The zone file will resolve to an unusable address and should break the domain. Testing from a client again, shows that this domain has been spoofed and is now pointing to a non-routable 0.0.0.0.

user@mbpro:~|⇒  adig secure.webconnect.net
id: 64487
flags: qr aa rd ra 
opcode: QUERY
rcode: NOERROR
Questions:
	secure.webconnect.net.		A
Answers:
	secure.webconnect.net.	3600	A	0.0.0.0
NS records:
Additional records:

Performance issues with Multiple zones

Degraded performance is noticed after implementing this approach.

  • Start and restart times consistently much longer
  • Memory consumption consistently too high

In normal circumstances when starting the service, it's up and answering lookups in a couple of seconds. During this test, BIND startup required close to a minute to complete as it loaded the zones. Memory consumption was high, putting BIND consistently in the top. Running with this configuration became unsustainable as BIND would be die off as it maxed out the system.

 CPU[|                                                       1.3%]   Tasks: 67, 135 thr; 1 running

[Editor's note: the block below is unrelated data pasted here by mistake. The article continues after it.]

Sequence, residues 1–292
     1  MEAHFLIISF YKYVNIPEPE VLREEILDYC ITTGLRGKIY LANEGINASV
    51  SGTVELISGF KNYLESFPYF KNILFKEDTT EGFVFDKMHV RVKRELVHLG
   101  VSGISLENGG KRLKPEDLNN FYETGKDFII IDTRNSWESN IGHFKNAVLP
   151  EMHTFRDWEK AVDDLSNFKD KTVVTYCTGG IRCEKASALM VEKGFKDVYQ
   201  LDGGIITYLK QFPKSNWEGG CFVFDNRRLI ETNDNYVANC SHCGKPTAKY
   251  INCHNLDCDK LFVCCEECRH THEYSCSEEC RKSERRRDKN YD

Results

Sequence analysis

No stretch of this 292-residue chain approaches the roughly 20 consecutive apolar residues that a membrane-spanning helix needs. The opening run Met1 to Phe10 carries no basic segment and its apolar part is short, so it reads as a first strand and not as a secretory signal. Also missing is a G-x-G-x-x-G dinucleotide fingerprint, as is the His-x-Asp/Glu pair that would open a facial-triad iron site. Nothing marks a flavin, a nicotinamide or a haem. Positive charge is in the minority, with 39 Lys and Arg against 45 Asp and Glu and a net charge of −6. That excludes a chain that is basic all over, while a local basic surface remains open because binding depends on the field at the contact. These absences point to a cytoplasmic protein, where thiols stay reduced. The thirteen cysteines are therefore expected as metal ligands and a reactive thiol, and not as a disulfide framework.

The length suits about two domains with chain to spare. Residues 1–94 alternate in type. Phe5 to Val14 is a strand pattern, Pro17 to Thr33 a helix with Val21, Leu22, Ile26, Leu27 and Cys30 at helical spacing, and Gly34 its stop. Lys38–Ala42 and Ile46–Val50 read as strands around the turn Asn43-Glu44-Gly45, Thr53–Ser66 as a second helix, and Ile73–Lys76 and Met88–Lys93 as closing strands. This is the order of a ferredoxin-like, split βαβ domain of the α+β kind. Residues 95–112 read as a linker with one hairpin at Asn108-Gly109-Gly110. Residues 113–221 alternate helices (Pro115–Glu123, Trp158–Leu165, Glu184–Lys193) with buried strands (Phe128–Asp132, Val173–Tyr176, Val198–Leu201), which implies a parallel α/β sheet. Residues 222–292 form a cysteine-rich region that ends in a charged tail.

Mem[|||||||||||||||||||||||||||||||||||||||||||||||||1.67G/1.94G]   Load average: 0.06 0.01 0.00 
  Swp[|||||||||||||||||||||||||||||||||||||||||         688M/1024M]   Uptime: 24 days, 12:21:54

    PID USER      PRI  NI  VIRT   RES   SHR S CPU% MEM%   TIME+  Command
 133237 bind       20   0 1821M 1414M  5316 S  0.0 71.2  0:00.19 /usr/sbin/named -f -u bind
 133238 bind       20   0 1821M 1414M  5316 S  0.0 71.2  0:27.43 /usr/sbin/named -f -u bind
 133239 bind       20   0 1821M 1414M  5316 S  0.0 71.2  0:02.19 /usr/sbin/named -f -u bind
 133240 bind       20   0 1821M 1414M  5316 S  0.0 71.2  0:00.02 /usr/sbin/named -f -u bind
 133226 bind       20   0 1821M 1414M  5316 S  0.0 71.2  0:29.88 /usr/sbin/named -f -u bind
 131545 *****      20   0 1879M  101M 16496 S  0.0  5.1  0:00.00 /usr/bin/node current/index.js
htop

None of these issues are experienced when implementing the equivalent blocklist using a Response Policy Zone. Using RPZ also provides other benefits in shaping the DNS service. A later walkthrough will cover RPZ in BIND.


BIND 9
Versatile, classic, complete name server software
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GitHub - StevenBlack/hosts: 🔒 Consolidating and extending hosts files from several well-curated sources. Optionally pick extensions for porn, social media, and other categories.
🔒 Consolidating and extending hosts files from several well-curated sources. Optionally pick extensions for porn, social media, and other categories. - GitHub - StevenBlack/hosts: 🔒 Consolidating a...